Breaking Up Amazon Doesn’t Go Far Enough—We Must Put It Under Public Control
A nationalized Amazon could be put to use in building a more equitable, democratic economy.
Katie Parker and Adam Simpson
This piece is a response to “Some on the Left Want To Nationalize Amazon. Breaking It Up Is a Safer Bet.”
What should be done with Amazon? While some parts of the company should indeed be broken up, its sprawling scale is not its only problem. Much of what Amazon does is harmful for reasons inherent to the logic of private ownership, and would remain so at any scale. While the public probably does not need to own, say, The Marvelous Mrs. Maisel, much of Amazon can and should be nationalized and put to use to build a democratic economy.
David and others suggest that breaking up Amazon would restore some semblance of market fairness and that regulatory action could keep the power of its remnants in check. But historically, breakups of monopolies have been relatively inefficient. The Bell System, led by AT&T, was broken apart in 1984 and is today on track to be even larger, as the AT&T-Time Warner merger proceeds. Antitrust mechanisms can temporarily roll back monopolies, but the preference to dominate, rather than compete, survives.
Even should antitrust action succeed, it’s not clear that restoring competition would be better for society at large in the case of Amazon’s primary application — connecting buyers with sellers. Online platforms attain a natural monopoly when a certain level of market share is achieved and competition becomes next to impossible. What little competition among platforms remains doesn’t produce better outcomes, but instead creates a race-to-the-bottom to cut costs. Take Amazon’s new promise of one-day delivery; Walmart quickly followed suit. While it might appear convenient, neither entity has to account for the intensifying extraction from workers and the environment; both can continue to externalize these costs. Profit-driven private ownership of the Amazon marketplace will continue to create “innovation” at the expense of public good.
While David does suggest that the Amazon marketplace could operate under public ownership, he doesn’t seem to see the significance of such a “nationalized digital mall.” Amazon’s ownership of this digital mall is what allows its success, using its primacy to extort and manipulate the market in its own interests. It is Amazon’s profit imperative, not an inevitable function of a marketplace platform, that drives it to pressure third-party sellers, squeeze workers, and recommend products that fail consumers. By becoming the market, Amazon has effectively become the market’s regulator. Such powers should belong to the public.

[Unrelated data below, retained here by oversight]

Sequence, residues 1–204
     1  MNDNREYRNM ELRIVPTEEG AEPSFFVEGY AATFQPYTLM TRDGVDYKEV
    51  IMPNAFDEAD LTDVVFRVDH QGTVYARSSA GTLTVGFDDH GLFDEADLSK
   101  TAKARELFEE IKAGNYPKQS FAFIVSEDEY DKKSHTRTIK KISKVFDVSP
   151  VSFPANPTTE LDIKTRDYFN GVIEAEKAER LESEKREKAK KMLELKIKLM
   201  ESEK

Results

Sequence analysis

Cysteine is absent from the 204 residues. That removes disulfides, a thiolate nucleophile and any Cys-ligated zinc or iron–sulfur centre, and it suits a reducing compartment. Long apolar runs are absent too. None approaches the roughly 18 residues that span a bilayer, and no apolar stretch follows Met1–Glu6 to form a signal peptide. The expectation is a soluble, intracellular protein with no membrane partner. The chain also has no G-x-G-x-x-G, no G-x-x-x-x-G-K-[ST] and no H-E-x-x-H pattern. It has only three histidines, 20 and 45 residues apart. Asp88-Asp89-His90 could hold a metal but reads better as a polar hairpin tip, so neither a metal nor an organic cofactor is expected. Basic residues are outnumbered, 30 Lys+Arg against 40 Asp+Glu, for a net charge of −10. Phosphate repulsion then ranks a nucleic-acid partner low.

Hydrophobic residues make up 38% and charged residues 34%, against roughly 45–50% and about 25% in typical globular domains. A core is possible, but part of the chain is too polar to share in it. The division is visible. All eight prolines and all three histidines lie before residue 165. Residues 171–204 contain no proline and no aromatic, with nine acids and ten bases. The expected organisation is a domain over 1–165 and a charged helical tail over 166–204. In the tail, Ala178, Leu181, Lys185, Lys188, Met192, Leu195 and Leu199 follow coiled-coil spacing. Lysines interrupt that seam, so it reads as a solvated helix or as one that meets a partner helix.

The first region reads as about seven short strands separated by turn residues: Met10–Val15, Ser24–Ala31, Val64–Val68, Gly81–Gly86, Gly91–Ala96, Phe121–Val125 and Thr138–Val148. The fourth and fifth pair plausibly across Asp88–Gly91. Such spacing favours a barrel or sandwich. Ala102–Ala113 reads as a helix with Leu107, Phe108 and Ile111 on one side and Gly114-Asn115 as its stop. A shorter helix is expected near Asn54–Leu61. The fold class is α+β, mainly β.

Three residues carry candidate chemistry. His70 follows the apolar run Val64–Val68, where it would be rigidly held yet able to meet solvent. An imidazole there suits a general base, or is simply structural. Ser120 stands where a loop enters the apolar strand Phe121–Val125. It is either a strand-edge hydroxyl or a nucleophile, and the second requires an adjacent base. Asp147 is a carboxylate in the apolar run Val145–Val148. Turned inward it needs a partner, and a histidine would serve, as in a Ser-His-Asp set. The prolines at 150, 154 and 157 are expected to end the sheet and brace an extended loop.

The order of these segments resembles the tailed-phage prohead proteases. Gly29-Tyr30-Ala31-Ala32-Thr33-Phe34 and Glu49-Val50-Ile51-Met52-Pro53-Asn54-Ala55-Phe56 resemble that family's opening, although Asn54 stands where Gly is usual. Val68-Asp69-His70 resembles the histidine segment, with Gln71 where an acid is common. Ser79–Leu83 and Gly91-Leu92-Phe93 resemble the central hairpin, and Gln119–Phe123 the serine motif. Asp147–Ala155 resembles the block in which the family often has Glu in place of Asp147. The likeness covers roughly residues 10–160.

Democratic public ownership of the marketplace platform could retool this infrastructure for public good. The People’s Amazon — call it Ourmazon — could guarantee access to the marketplace for smaller producers rather than driving down the cost of their goods and services. As a public distribution network, Ourmazon could stabilize prices at a point that ensures viability and competitiveness for small businesses at a cost that benefits consumers.
Critics of nationalization contend that the government would be forced to adopt Amazon’s extractive practices to operate at an enterprise scale. But if those practices are indeed necessary for efficiency, why would new regulations produce different outcomes? A nationalized platform could shift the definition of efficiency to include metrics beyond shareholder value.
One of Amazon’s key (and controversial, due to real privacy concerns) features is the massive amount of data it harvests and leverages to maximize its profits. In its current position, Amazon picks winners and losers for its own ends, with algorithms that impact prices, order search results and collate recommendations. That data could instead be optimized for a wide array of economic priorities, from reducing greenhouse gas emissions to hobbling products with labor abuses in their supply chains. A nationalized entity, managed along democratic priorities, could advantage small businesses, unionized businesses, or worker-owned businesses.
There are still more clear benefits to the public ownership of Amazon’s distribution and logistics infrastructure. The promise of one-day shipping, unchecked, poses a logistics nightmare, creating precarious work conditions and significant environmental impact. Democratic public ownership could ensure that the flow of goods meets labor and environmental standards. Amazon’s HQ2 fiasco epitomizes race-to-the-bottom urban planning, while democratically decided plans could incorporate considerations like resiliency to natural disasters or areas needing an economic revival.
Amazon is dominating its way to becoming the backbone of the U.S. economy. A nationalized company could play the backbone of a more equitable system. As Amazon expands into activities like providing easier-to-access credit cards, it is creating new markets out of sectors that would be better served with social provisions. Similarly, look at Amazon’s move into online pharmacy. We can imagine how powerful a publicly owned pharmacy could be, expanding access to affordable medication, driven by care rather than profit.
The flaw of antitrust is that the problem of power is reduced to a matter of scale, when power should be rooted in democratic control and ownership. Who owns the data? Who programs the algorithm? Who governs the platform? Breaking up Amazon may be necessary, but some of its pieces would inevitably become natural monopolies that would be better served as publicly owned platforms operated for public benefit. Public ownership of Amazon would enable a redesign to maximize public benefit over profit.
For another perspective, read “Some on the Left Want To Nationalize Amazon. Breaking It Up Is a Safer Bet.”
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